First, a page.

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Table of Contents    
LETTER TO EDITOR
Year : 2022  |  Volume : 70  |  Issue : 2  |  Page : 804-805

The Brain and Heart of a Neuroscience Organization/Body/Society/Association


The Neuro Health Foundation, Department of Neurosurgery, Mira Bhayandar, VVcMC Government and Municipal Hospitals, Mumbai, Maharashtra, India, Indiaz

Date of Submission28-Jul-2020
Date of Decision19-Dec-2020
Date of Acceptance17-Mar-2021
Date of Web Publication3-May-2022

Correspondence Address:
Dr. Mohinish Bhatjiwale
Neuro Health Foundation Clinic, Yogi Nagar, Borivali West, Mumbai - 400 091, Maharashtra
Indiaz
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Source of Support: None, Conflict of Interest: None


DOI: 10.4103/0028-3886.344610

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How to cite this article:
Bhatjiwale M. The Brain and Heart of a Neuroscience Organization/Body/Society/Association. Neurol India 2022;70:804-5

How to cite this URL:
Bhatjiwale M. The Brain and Heart of a Neuroscience Organization/Body/Society/Association. Neurol India [serial online] 2022 [cited 2022 Jul 3];70:804-5. Available from: https://www.neurologyindia.com/text.asp?2022/70/2/804/344610




Sir,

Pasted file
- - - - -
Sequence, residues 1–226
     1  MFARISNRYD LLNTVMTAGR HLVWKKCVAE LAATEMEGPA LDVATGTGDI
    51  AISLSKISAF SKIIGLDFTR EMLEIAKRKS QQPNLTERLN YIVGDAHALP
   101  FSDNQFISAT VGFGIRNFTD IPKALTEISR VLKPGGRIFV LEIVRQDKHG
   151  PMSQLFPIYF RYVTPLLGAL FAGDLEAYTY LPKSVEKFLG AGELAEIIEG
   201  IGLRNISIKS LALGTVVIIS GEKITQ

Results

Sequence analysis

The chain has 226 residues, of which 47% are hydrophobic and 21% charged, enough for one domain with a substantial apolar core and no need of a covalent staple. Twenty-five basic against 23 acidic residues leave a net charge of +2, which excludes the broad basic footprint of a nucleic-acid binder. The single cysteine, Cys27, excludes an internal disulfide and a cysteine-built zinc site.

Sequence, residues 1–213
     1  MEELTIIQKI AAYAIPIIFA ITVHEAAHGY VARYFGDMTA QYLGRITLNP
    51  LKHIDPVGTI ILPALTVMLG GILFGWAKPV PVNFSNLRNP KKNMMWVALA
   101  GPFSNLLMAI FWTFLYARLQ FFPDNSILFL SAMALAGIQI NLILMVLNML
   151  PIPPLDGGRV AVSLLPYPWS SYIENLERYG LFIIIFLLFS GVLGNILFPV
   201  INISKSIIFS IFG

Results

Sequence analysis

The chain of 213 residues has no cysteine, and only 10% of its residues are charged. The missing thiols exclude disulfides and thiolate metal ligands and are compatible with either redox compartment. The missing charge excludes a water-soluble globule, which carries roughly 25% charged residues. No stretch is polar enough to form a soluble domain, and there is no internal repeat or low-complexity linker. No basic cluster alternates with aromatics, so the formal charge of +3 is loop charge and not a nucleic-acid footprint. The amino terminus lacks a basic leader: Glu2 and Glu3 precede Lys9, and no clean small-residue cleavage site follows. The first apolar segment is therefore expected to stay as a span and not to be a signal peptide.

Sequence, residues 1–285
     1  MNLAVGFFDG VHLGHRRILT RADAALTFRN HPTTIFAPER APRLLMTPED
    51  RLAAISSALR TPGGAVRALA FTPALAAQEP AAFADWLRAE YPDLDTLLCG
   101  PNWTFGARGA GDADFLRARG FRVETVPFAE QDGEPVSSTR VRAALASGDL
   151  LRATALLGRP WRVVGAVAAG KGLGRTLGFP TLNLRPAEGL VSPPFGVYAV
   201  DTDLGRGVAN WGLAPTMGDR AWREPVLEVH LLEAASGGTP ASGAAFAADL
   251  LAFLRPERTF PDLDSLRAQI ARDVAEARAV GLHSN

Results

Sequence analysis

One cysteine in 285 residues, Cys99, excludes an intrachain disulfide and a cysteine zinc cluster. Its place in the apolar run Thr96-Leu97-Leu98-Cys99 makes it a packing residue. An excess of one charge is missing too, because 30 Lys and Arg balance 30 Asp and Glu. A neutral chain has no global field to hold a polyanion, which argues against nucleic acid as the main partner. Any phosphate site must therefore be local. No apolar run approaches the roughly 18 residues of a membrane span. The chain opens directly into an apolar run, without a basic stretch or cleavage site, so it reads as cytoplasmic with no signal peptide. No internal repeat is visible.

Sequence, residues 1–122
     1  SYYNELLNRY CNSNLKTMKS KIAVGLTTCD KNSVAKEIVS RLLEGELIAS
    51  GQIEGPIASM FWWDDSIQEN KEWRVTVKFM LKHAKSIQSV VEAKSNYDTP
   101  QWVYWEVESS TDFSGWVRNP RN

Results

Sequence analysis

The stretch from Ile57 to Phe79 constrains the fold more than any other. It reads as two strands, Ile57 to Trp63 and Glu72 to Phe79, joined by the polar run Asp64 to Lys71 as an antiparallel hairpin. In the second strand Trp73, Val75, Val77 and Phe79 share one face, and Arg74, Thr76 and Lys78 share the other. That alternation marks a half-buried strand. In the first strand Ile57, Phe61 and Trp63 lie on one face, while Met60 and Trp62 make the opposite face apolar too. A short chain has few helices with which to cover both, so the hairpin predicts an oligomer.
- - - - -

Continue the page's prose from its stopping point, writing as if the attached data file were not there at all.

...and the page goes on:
The ethos of any medical association is born through the spirit and passion of its founder members. This flame is kept alive by those who follow. The worth of any organization is measured by its final impact on society. It does not stop at how updated the doctors, its intermediary ambassadors, have become. Do most of our scientific organizations we might dare say cater to the cerebrum, the intellect, at the cost of its heart. Recent scientific advances or administrative developments are widely discussed and take the bulk of an association's conference or meeting time. Little time is allocated to discuss the impact, the improvement of the condition of the masses, and the direct benefit to society due to their existence. A cursory look at the list of topics of any conference may make this point amply clear. To reiterate, do we feed the brain at the cost of our heart? The final purpose of any scientific body is not only to resource scientific facts to its doctors for cerebral stimulation. The larger picture should aim to benefit fellow brothers and sisters through the instrument of science. A case in point is the appalling situation for approximately 40–50 lakh odd population beyond Borivali and Dahanu on the far north-western outskirts of the city of Mumbai. This large population in the year 2020 is without any basic public healthcare neurological or neurosurgical facilities. A simple head injury or hypertensive clot requiring immediate surgical management has to be rushed across many miles and undergo hours of travel to a central public hospital in Mumbai. Given the vagaries of road travel in this area, where an ambulance competes with thousands of heavy vehicles traveling to Mumbai and the not-so-infrequent traffic obstacles on these expressways, the agonies of the patients and their relatives can only be imagined. It is in this context that Neuroscience Associations (NAs) must make a difference. It is recommended that as an organization there must be regular representation and dialogue with public health departments/ministry to discuss the situation and development of its branch of science in its area, neurology, and neurosurgery in this case. It is another matter and nothing short of a travesty that basic neuroscience needs as in the aforementioned example should be considered “super” speciality services and not “vital” life-saving” speciality services. This one word change could make a world of a difference to public health.